Johan Rudolf Kjellén (June 13, 1864 - November 14, 1922), was a Swedish social scientist, political scientist, and politician. He coined the term "geopolitics." Along with Alexander von Humboldt, Carl Ritter, and Friedrich Ratzel, Kjellén laid the foundations for the German geopolitik, which would later be espoused prominently by Karl Haushofer. Adolf Hitler and the Nazi party adopted policies in line with Kjellén’s and Haushofer's ideas, using them to justify and promote their aggressive expansion in Europe. Despite this unfortunate legacy, developments in geopolitics have come to serve the building of peaceful relationships among countries, and thus the establishment of a world of prosperity for all.
Johan Rudolf Kjellén was born on June 13, 1864 in Torsö, Sweden, into the a minister's family. He completed gymnasium in Skara in 1880 and matriculated at Uppsala University the same year. He received his Ph.D. in Uppsala in 1891 and was a docent there from 1890-1893.
Kjellén taught at Göteborg University from 1891, and was professor of political science and statistics there from 1901 until he received the prestigious Skyttean professorship of Eloquence and Government in Uppsala in 1916.
A conservative politician, Kjellén served several terms as a member of the Second Chamber of the Swedish parliament (from 1905 to 1908) and of its First Chamber (from 1911 to 1917).
He died on November 14, 1922 in Uppsala, Sweden.
Kjellén was a student of Friedrich Ratzel, elaborating on Ratzel’s organic state theory, and coining the term “geopolitics” to describe the study of international politics in terms of geographic factors. The basics of his ideas were presented in his book Der Staat als Lebensform (The State as a Living Form), published in 1916), which is generally regarded as his most important book in relation to geopolitics. It outlines five key concepts that would shape German geopolitik as developed by Karl Haushofer:
The three characteristics of a state, according to Kjellén , were Topopolitik , Physiopolitik, and Morphopolitik. The first two correspond to Lage and Raum which respectively mean position and territory, whereas Morphopolitik is connected with the shape and the form of a state.
Kjellén disputed the solely legalistic characterization of states, arguing that state and society are not opposites, but rather a synthesis of the two elements. He advocated that the state had a responsibility for law and order, but also for social welfare, and economic development.
According to Kjellén, autarky, or a self-sufficient economy that limits trade with the outside world, was the solution to political problems. He argued that dependence on imports would mean that a country would never be independent. Thus, a country, if wanted to become independent, must possess territories rich in resources. For Germany, Central and South-eastern Europe were key, along with the Middle East and Africa.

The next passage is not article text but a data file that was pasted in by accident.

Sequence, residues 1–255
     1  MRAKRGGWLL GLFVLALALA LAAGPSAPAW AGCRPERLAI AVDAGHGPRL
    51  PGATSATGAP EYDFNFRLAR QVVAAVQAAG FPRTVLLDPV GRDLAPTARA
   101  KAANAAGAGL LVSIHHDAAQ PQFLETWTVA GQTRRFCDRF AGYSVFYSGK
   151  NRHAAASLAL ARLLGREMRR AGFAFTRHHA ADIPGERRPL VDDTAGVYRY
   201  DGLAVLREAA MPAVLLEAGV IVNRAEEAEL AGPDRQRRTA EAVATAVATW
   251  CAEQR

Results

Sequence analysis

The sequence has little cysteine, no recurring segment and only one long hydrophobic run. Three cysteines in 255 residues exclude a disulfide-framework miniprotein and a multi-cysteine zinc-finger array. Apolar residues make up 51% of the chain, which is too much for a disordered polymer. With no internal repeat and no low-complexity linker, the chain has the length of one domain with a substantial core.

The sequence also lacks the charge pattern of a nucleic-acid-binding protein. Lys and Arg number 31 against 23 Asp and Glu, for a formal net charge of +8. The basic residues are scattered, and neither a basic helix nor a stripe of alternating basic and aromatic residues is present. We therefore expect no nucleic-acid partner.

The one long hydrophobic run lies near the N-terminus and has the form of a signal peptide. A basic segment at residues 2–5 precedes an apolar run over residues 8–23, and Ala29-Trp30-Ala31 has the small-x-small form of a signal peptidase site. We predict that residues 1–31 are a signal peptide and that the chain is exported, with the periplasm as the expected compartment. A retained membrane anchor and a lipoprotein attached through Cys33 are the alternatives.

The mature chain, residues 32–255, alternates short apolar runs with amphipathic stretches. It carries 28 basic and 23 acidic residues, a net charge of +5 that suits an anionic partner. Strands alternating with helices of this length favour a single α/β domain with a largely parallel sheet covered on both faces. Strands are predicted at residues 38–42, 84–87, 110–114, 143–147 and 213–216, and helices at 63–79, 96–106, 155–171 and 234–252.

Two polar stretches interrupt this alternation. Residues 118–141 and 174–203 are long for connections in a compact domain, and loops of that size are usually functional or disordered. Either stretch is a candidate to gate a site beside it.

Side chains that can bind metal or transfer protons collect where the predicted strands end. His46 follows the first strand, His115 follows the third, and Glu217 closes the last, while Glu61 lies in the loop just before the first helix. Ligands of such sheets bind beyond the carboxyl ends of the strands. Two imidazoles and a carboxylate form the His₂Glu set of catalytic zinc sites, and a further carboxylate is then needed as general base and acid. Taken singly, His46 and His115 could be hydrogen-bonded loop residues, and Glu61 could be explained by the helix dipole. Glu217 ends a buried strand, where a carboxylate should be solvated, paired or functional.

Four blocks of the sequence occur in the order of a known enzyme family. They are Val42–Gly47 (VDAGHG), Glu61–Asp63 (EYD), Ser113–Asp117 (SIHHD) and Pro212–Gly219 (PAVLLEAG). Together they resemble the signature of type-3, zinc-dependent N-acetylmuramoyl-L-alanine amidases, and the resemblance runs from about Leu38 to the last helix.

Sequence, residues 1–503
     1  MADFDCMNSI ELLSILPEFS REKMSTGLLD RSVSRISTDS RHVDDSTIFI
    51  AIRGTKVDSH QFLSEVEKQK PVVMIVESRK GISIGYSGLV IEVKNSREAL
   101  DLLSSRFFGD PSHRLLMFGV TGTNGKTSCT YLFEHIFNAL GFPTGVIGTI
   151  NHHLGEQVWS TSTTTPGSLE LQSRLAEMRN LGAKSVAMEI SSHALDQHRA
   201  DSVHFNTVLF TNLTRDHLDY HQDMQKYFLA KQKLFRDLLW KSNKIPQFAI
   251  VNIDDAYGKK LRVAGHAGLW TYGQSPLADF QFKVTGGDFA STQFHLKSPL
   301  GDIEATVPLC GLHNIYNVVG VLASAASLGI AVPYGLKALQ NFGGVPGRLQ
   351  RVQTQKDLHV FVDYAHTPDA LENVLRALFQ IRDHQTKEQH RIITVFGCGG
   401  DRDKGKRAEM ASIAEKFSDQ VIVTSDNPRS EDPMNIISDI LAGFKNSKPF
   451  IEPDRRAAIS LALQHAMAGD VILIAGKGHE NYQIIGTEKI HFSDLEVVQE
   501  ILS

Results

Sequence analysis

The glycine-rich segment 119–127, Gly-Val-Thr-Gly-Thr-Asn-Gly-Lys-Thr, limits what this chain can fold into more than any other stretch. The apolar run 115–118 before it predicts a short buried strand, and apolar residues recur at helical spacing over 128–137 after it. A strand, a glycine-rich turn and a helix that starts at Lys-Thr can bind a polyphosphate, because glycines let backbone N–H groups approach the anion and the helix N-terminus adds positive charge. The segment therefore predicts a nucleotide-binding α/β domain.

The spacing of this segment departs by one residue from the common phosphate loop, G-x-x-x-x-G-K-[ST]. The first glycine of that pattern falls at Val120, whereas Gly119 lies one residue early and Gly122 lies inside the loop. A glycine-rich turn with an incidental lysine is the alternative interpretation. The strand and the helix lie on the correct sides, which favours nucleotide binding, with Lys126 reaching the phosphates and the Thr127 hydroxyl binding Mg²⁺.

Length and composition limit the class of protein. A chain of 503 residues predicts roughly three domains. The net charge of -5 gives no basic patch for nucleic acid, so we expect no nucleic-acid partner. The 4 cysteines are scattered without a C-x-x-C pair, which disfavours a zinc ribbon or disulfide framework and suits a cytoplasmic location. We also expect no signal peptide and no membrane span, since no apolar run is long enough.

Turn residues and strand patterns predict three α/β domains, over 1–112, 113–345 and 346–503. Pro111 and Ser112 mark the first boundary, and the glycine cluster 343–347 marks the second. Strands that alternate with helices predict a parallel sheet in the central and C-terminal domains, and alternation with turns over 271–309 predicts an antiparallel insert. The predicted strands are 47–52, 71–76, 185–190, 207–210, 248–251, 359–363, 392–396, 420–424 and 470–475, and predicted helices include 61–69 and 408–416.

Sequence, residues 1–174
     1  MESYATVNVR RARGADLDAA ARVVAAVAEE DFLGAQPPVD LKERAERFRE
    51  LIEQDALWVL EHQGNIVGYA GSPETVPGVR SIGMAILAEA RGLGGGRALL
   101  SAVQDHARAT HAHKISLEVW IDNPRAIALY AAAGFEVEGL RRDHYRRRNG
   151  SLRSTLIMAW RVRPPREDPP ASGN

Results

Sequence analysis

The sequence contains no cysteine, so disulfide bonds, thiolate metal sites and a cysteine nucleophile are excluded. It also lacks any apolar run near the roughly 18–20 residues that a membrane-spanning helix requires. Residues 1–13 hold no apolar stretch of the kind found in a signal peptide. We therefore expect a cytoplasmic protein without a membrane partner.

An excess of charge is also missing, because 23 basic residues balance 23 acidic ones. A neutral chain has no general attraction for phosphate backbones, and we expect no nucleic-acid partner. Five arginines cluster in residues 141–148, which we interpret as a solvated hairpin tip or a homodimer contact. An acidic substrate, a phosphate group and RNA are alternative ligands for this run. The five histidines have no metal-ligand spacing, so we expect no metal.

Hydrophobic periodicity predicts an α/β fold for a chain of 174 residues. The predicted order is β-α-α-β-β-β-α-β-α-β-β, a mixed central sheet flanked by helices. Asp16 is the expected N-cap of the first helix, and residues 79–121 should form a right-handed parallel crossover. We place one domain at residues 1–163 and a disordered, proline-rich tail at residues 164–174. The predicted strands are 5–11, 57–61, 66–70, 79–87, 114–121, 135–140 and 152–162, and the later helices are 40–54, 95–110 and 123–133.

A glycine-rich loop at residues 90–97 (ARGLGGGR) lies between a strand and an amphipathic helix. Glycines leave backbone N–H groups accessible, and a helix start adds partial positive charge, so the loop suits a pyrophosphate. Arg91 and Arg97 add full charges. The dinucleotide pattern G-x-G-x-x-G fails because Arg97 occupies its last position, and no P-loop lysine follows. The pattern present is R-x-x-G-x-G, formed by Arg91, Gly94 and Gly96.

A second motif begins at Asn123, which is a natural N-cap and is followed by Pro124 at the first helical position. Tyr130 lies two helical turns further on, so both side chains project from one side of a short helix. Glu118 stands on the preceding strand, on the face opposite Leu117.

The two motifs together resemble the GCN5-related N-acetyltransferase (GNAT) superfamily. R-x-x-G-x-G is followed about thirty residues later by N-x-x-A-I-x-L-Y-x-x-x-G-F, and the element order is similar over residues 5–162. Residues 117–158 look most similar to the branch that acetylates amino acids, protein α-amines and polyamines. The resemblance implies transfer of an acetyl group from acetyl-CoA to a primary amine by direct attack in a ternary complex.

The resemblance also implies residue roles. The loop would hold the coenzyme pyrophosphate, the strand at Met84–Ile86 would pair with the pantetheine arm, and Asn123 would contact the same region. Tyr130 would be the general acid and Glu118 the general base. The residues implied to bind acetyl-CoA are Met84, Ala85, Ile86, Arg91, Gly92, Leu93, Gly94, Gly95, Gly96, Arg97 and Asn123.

Rudolf Kjellén is credited with coining the term "geopolitics," although many of the ideas came from others. particularly Friedrich Ratzel, and it was developed by others, notably Karl Haushofer. Geopolitics gained prominence through the theories of Halford Mackinder of England with his "Heartland Theory."
Kjellén’s influence was particularly strong in Germany. His Der Staat als Lebensform (1917) became the basis for the concept of German geopolitik, although it was ideologically quite different from Kjellén’s social scientific concept. In laying the foundation for geopolitik in Germany, Haushofer adopted many of Kjellén's ideas. He particularly advocated autarky and its concommitant control over territory rich in resources, claiming that a nation constantly in struggle would demand self-sufficiency.
It is clear that Adolf Hitler adopted policies in line with Kjellén’s five key concepts, whether or not his writing was directly transmitted to Hitler via Haushofer. The Nazi party echoed Kjellén’s concept of state integration into every aspect of life, especially concerning the provision of social and economic welfare. The Nazis also targeted the same territories that Kjellén emphasized—they pursued economic domination throughout the former Austro-Hungarian states and the Balkans, monopolizing their output to the point where they could dictate those countries' production, while dumping German industrial goods into their markets.
Thus, while Kjellen himself did not advocate the aggressive growth of any one country at the expense of others, his theories were used by the German leadership to promote their expansionist goals. Despite this unfortunate history, geopolitical ideas have come to be used to promote peace.
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